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ALABC & COALAR Annual Networking Day Online – Briefing by the Ambassador of Peru HE Miguel Palomino de la Gala, Dean of the Latin America Ambassadors

19 Oct 2020 4:16 PM | Sarah Carroll (Administrator)


1.     2020 is a fateful year. All countries are facing grave circumstances that are affecting the international economy as a consequence of the Covid-19 Pandemic. I will not be the only one to point out that the projections of the fall in global GDP would be -4.5% by 2020.


2.    On the other hand, the effects of the pandemic on the Latin American economy are visible. This year GDP points to a fall of 9.1%.

Latin American economies reached the pandemic, with the exception of a few cases, after half a decade of minimal growth. In the first quarter of 2020, GDP was already negative in nine out of twenty Latin American countries as a result of low external demand, with China in the midst of the crisis at the time.

During the first half of the year and part of the second, the pandemic restrictions, with the consequent partial or total paralysis of the production of goods and services, only aggravated that negative figure. In addition, household spending deteriorated as a result of the mandatory confinement imposed by the authorities in many countries, and household inflows fell resulting from the loss of sources of work.

In parallel, Latin America has suffered a significant deterioration in its prospects abroad, both due to falling commodity prices – which remains its main source of foreign exchange – and because of the crisis in its main commercial partners.

According to the United Nations, food and metal exporting economies will be less affected, and the good news is that unlike other major recessions in the past, the economic slump is not yet producing a domino effect on banks. The financial crisis seems, for now, to be ruled out. Inflation is also under control except in a couple of countries that have been dragging their own inflationary dynamics long before Covid-19 began to sound in the media.

3.     This second half of 2020, the international economy experienced a slight uptick as a result of the relaxation of strict containment measures and confinement in the peak months of Covid-19 in many countries and the consequent economic revival.

We hope that if there is a resurgence of the pandemic in the coming months, this slight recovery will not be affected in the eventuality of the implementation of new restrictive measures.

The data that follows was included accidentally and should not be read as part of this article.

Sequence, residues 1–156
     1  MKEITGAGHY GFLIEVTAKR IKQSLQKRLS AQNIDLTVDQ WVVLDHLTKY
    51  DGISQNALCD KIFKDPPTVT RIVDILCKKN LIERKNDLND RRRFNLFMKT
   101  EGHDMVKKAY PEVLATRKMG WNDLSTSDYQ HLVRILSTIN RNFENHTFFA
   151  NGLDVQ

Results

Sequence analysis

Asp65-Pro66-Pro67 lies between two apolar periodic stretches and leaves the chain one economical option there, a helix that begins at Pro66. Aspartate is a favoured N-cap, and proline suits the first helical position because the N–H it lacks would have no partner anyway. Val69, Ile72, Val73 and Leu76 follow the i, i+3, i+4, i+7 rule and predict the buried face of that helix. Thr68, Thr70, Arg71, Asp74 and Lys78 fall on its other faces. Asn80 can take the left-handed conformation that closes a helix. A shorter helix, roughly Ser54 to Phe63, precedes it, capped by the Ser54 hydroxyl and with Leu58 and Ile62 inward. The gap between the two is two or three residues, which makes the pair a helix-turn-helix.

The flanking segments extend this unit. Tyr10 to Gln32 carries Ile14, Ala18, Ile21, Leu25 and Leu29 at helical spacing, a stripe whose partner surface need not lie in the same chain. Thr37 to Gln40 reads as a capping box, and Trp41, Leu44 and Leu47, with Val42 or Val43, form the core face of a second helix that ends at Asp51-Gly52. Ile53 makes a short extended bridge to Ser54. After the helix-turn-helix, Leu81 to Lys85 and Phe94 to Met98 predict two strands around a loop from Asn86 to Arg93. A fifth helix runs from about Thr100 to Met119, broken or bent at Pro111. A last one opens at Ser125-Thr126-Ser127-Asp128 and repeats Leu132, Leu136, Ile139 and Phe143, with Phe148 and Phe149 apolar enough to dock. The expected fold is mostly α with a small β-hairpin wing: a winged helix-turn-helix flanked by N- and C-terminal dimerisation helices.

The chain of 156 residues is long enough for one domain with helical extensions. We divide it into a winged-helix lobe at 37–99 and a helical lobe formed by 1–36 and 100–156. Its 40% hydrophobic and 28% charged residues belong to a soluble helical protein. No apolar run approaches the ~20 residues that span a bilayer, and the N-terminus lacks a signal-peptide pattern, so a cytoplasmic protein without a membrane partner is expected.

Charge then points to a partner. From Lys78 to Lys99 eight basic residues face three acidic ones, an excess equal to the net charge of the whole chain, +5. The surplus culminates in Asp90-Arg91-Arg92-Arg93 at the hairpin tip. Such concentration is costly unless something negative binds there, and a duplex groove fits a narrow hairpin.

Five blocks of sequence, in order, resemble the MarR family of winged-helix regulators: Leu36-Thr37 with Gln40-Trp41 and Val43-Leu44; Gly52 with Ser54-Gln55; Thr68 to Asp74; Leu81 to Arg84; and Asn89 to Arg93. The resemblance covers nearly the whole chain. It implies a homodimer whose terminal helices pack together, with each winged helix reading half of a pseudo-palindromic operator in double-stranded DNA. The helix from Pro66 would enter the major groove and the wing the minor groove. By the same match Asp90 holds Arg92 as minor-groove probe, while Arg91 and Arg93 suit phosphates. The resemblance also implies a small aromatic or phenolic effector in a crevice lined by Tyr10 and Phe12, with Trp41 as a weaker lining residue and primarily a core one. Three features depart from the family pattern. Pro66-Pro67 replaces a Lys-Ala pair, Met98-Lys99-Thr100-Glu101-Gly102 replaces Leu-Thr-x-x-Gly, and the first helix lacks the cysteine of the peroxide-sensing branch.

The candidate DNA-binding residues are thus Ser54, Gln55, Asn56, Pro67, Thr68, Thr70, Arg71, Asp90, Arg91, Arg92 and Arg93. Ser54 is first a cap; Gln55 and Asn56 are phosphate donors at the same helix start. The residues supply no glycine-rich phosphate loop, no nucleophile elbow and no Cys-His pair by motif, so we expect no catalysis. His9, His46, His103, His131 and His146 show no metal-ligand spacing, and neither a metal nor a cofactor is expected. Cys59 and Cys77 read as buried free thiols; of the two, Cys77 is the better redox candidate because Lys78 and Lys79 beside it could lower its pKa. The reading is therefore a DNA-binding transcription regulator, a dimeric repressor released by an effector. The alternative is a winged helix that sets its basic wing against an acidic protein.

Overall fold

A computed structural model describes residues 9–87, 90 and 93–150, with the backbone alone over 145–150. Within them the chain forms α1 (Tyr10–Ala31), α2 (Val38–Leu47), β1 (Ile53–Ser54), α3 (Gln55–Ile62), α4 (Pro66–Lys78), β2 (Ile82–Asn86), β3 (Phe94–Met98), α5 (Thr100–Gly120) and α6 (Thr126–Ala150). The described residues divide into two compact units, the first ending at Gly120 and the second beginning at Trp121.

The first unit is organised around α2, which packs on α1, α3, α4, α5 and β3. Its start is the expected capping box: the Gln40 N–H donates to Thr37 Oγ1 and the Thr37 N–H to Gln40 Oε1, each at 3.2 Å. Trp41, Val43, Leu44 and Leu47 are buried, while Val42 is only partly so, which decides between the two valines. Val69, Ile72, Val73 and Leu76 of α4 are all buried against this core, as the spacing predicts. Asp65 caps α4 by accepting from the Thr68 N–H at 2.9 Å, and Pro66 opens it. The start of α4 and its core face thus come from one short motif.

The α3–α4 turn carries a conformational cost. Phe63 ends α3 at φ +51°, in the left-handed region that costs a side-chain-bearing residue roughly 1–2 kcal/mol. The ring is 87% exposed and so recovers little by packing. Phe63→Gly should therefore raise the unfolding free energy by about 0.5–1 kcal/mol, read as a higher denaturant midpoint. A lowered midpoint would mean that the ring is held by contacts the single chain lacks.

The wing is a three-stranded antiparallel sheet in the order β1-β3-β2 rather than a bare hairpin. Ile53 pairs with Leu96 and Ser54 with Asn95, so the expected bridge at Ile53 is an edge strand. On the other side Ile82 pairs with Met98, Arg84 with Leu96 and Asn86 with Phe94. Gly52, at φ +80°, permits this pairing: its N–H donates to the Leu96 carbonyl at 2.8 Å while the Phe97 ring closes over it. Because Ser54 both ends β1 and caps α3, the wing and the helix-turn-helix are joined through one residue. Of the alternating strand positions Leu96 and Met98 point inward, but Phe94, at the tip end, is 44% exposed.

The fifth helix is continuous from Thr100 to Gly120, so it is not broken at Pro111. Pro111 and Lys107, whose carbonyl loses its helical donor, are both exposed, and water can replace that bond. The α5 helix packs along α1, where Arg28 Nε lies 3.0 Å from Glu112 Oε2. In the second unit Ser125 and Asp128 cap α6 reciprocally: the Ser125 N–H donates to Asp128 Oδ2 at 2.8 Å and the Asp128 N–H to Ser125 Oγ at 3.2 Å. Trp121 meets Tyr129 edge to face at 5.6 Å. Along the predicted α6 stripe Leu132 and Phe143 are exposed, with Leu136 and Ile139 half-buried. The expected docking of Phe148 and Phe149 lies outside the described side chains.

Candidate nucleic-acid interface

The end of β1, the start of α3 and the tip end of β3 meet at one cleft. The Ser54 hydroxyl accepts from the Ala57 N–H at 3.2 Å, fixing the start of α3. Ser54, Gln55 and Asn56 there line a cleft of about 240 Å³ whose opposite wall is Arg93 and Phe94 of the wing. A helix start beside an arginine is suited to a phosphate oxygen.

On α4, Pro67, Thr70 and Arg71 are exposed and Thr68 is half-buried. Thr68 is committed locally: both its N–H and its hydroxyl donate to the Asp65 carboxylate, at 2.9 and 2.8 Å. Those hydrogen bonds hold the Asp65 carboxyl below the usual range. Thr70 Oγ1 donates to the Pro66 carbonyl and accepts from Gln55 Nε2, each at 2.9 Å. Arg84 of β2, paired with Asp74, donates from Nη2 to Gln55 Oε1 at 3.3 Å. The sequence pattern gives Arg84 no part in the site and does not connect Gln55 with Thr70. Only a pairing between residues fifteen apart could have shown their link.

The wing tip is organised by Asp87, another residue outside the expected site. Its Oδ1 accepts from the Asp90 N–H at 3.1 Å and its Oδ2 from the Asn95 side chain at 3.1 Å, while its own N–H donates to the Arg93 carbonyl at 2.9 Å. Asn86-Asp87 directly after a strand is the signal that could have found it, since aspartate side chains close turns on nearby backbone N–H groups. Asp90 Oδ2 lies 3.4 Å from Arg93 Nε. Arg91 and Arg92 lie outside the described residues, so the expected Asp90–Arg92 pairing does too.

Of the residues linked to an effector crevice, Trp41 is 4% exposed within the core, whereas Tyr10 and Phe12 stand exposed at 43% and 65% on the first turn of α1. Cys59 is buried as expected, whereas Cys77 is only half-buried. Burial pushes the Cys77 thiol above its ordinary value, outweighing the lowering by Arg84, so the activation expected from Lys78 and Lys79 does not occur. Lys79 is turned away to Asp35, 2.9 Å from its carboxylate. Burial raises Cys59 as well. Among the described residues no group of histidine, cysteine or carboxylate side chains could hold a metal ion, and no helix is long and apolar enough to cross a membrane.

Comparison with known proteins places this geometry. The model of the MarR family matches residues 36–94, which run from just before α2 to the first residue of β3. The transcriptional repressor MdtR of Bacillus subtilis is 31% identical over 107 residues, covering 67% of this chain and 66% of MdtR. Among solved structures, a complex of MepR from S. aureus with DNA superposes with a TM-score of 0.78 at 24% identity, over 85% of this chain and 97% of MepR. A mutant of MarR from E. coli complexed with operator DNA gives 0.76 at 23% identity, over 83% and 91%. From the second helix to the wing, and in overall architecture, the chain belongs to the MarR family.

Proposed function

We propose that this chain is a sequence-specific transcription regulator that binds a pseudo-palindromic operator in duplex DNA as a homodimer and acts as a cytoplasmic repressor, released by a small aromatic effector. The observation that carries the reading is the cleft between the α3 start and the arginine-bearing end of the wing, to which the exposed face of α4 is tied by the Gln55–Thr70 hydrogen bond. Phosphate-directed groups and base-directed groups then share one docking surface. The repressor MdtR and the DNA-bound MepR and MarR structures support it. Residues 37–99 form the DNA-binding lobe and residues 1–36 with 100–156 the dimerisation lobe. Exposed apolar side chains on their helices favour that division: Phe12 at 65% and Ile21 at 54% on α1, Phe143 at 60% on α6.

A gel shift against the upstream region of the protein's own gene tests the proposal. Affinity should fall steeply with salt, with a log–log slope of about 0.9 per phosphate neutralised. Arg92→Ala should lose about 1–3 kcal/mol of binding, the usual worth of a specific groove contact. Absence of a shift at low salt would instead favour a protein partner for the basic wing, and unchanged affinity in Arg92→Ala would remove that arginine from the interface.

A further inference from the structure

At global level the economic growth is expected to reach 5% by 2021. However, all this is still uncertain and depends on the evolution of the pandemic and the availability of a vaccine.

According to a last analysis of the Focus Economics Consensus Forecast LatinFocus, the projected growth of GDP in Latin America will increase, on average, 4.1% in 2021, 2.9% in 2022 and 2.8% in 2023.

4.     We must now work on building confidence for recovery.

To do this, countries are adjusting strategies for economic reactivation, flexibility in fiscal and financial support policies, employment, and strengthening the health sectors, among others.

The objectives and priorities set out are to continue efforts to contain the pandemic and mitigate its impacts, to support individuals and businesses to overcome the consequences of the pandemic, restore the economy and return to normal in the region.

5.     I thank ALABC for the digital meetings it holds, which prove that it is possible to realise economic connectivity, create a productive and business environment, and take advantage of new opportunities.

I also thank those who have preceded me in the floor for giving impulse to the Australia-Latin American relationship, and for agreeing that it is important to respond to the immediate impact of the pandemic by keeping goods and services markets and investment open, and supporting the central role of trade in the economic recovery.

Thanks, ALABC for working on new initiatives in the context of the economic recovery.

Thanks, Australia, for remind us that is a global and moral responsibility, that the vaccine must be share far and wide, safe, available to all, and affordable to all.

Thank you all of you again, and now I have the honour to give the floor to our esteem Minister of Trade, Tourism, and Investment, Senator the Honourable Simon Birmingham.

Latin America is ready to answer your calls, dear Minister.


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